Steam Link Beta: A cool concept with limited use cases
Steam Link lets you play PC games on your phone, and it works surprisingly well!
The Steam Link mobile app is like a dream concept for anyone who’s ever thought how neat it would be to play PC games on your phone. In an age of gamer phones and the Nintendo Switch offering outstanding options for gaming on the go, whatever clear distinction there was between “gaming” and “mobile gaming” is disappearing fast.
Valve’s contribution with the Steam Link app to let you stream your favorite Steam games from your PC to your mobile phone over a Wi-Fi connection. It’s still very much beta software, but it’s functional and available in the Play Store so I had to give it a run.
Download: Steam Link Beta (Free)
Surprised by how well it all works
The first thing I’ll say is that I’m really surprised how easy it is to set up. To create a connection you need your PC and phone to be on the same network and you’ll also need a controller to pair with your phone. The app recommends a Steam controller, but any Bluetooth controller should work (I use the SteelSeries Stratus XL).
Setting up the connection is dead simple, as the app walks you through the steps each time you load it up. You’ll need to pair your phone to your PC using a unique code generated on Steam on your PC, and once the connection is made your PC will start displaying the in-home streaming menu interface. My Steam library is fairly sparse, but I was able to load up Rocket League and Gonner which I figured would be good games to test as any amount of input lag would ruin the experience of gaming online or the precise controls needed for a platformer in a hurry.
Steam Link is dead simple to set up and a blast to play when the wireless connection is solid.
I’ve tested Steam Link on a couple different devices including the Razer Phone, a Galaxy S8, and a Pixel XL running the Android P beta. Both the Razer Phone and Galaxy S8 looked amazing with the latter’s higher screen refresh rate and Samsung’s outstanding display, but I was most surprised by the Pixel XL, which was the most consistent performer despite running a beta operating system. There was negligible input lag across all phones I tested and outside of a few weird bugs (to be expected with beta software),
When the connection was strong and there was no noticable lag, playing games using Steam Link was a blast. I couldn’t help wondering if my Rocket League opponents would be extra salty knowing that I was scoring on them while playing on my phone — or what my teammates would think when the app would glitch up for sometimes 30 seconds at a time and my car coasted aimlessly around the arena. In my experience, the app never crashed and while the action hung up every once and a while it always came back and seemed to be more an issue with my internet connection than an issue with the app itself.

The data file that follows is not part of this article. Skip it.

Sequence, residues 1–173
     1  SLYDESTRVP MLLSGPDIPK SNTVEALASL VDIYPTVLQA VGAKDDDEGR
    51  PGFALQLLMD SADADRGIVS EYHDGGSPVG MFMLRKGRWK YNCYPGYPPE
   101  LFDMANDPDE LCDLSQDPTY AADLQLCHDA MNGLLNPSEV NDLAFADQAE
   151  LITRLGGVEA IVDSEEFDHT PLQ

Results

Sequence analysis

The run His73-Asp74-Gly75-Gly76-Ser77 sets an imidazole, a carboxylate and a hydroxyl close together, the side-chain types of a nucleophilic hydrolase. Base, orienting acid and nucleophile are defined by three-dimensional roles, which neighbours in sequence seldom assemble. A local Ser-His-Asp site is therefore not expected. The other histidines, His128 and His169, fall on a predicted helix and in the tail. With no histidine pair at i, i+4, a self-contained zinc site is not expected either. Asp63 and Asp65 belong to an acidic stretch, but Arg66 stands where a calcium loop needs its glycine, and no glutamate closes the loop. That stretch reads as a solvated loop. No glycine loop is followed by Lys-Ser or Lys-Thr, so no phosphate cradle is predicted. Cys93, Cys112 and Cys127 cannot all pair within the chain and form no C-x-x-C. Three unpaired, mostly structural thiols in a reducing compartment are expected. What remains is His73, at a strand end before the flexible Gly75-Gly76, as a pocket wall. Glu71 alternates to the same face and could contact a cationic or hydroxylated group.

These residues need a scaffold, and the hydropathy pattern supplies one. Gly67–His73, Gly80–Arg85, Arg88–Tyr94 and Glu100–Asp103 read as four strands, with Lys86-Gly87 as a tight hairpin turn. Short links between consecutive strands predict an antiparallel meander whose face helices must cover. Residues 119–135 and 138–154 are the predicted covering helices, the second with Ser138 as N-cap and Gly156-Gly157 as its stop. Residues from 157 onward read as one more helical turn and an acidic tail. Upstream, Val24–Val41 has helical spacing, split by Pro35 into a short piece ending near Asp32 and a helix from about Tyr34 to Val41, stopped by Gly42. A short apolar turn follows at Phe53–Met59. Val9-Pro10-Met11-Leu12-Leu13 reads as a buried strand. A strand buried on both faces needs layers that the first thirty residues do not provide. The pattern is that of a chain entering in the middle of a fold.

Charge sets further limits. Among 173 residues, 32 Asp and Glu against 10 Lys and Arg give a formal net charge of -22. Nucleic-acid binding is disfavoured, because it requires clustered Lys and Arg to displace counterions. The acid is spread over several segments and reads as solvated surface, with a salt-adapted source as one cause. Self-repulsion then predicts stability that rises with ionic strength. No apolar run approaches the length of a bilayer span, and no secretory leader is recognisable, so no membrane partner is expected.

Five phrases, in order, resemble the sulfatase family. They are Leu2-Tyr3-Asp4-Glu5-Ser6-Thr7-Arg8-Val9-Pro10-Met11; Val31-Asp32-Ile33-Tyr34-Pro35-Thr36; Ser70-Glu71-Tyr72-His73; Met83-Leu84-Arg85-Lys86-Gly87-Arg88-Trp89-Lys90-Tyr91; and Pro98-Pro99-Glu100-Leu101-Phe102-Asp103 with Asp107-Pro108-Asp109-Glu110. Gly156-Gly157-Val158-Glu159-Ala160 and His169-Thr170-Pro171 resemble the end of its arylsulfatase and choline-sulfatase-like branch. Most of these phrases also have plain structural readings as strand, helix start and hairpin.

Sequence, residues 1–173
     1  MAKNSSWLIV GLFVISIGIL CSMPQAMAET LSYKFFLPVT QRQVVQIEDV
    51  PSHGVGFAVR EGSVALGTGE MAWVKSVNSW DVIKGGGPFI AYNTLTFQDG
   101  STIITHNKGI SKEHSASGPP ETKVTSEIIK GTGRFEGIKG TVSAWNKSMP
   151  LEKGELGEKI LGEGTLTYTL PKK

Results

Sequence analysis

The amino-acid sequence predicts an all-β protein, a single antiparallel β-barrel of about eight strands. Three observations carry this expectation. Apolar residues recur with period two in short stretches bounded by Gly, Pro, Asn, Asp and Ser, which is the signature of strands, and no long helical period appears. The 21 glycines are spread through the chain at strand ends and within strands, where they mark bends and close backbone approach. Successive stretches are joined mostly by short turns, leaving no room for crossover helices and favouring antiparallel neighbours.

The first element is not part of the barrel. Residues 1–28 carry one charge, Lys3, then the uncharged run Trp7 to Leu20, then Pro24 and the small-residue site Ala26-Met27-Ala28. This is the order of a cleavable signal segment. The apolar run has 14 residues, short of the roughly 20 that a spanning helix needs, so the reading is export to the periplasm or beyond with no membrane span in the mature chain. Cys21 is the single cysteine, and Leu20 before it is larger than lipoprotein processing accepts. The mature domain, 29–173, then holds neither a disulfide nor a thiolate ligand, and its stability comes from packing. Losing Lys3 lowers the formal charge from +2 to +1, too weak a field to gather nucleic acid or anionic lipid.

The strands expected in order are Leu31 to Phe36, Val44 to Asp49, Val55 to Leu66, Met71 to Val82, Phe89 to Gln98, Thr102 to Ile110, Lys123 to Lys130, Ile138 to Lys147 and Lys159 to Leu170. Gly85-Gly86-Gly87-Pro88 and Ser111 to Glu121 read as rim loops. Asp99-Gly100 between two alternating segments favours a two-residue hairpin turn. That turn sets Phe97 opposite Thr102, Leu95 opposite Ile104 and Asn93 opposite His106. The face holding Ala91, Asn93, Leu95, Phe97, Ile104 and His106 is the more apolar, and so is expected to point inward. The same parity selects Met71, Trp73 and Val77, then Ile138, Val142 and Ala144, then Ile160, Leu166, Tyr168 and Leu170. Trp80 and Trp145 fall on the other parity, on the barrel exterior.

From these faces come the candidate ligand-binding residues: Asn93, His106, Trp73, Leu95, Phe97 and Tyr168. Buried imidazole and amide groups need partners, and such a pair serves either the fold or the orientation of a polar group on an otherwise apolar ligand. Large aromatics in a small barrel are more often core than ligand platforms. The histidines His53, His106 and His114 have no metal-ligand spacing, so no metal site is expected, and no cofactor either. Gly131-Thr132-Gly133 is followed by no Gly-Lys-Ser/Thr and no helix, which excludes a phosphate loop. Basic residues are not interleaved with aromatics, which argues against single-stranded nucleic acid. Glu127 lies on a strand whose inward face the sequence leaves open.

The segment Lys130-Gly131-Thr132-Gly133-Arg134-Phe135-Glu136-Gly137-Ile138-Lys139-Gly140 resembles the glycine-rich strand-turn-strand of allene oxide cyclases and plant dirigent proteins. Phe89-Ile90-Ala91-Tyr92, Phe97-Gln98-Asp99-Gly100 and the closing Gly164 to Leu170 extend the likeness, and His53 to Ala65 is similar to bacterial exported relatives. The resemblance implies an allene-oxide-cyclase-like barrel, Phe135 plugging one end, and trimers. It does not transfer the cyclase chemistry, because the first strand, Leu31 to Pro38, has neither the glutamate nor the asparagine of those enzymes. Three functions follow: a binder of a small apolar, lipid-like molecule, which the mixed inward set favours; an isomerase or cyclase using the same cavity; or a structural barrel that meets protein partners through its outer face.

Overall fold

Justifying the experience
Overall, I found the setup process dead simple and the results to be satisfactory overall for an app still in beta testing, but the one thing that I had the most difficulty figuring out is real life scenarios where I would actually use this app. The novelty of being able to play PC games on your phone feels redundant when you know your phone is just mirroring another larger display in your house.
The first time I tested the Steam Link app, I stayed in the room with the computer and caught myself looking up at the monitor to play instead of down at my phone — which really defeats the purpose of linking the PC to my phone, no? It got me thinking: if you’re at home and wanting to play computer games, what exactly would compel you to use Steam Link? It’s not like your PC is freed up from running the game itself, and it’s not like it frees you up to play in your backyard as you need your Wi-Fi signal strength as strong as possible to avoid lag.
To get the most out of Steam Link, you need to justify a reason to use it in the first place.
But as it happens, the following day my roommate had set up in the computer room to recording some music on her laptop, so I quietly set up the Steam Link connection on the PC and retreated to my room to test the app. Had my roommates wanted to use the PC while I was gaming I would have been out of luck, but in this specific instance, Steam Link made sense and let me game without disturbing my roommate.
Beyond that, I guess you could also use Steam Link to play PC games on the toilet or while you take a bubble bath (which sounds quite nice, actually), but again in its current state and given the restrictions of needing to stay within your home Wi-Fi network, I’m still not sure how much practical value the Steam Link app offers to gamers outside of the novelty of it all.
The dream of playing PC games on your phone
Valve’s impact on gaming is well-documented. Since launching Steam back in 2003, it’s been the de facto destination for PC gamers eager to discover and download new games and the Steam community has become a great place for developers to get direct feedback and help from one of the gaming industry’s biggest distributors.
At its core, the Steam Link app is basically just a screen sharing app that casts your PC’s display to your phone — if you click an in-game link to a website you’ll be taken out of the game to your web browser on your PC desktop — but it does it really well and lets you sync up PC gameplay on your phone that looks and plays great when it’s working but is more than a bit frustrating when it lags.
It’s a huge step for gamers everywhere, though, as technology like this is bound to improve over time.
Download: Steam Link Beta (Free)
Have you tested out the Steam Link Beta?
Let us know your thoughts on this new way of gaming on Android! What’s the best game you’ve tested?
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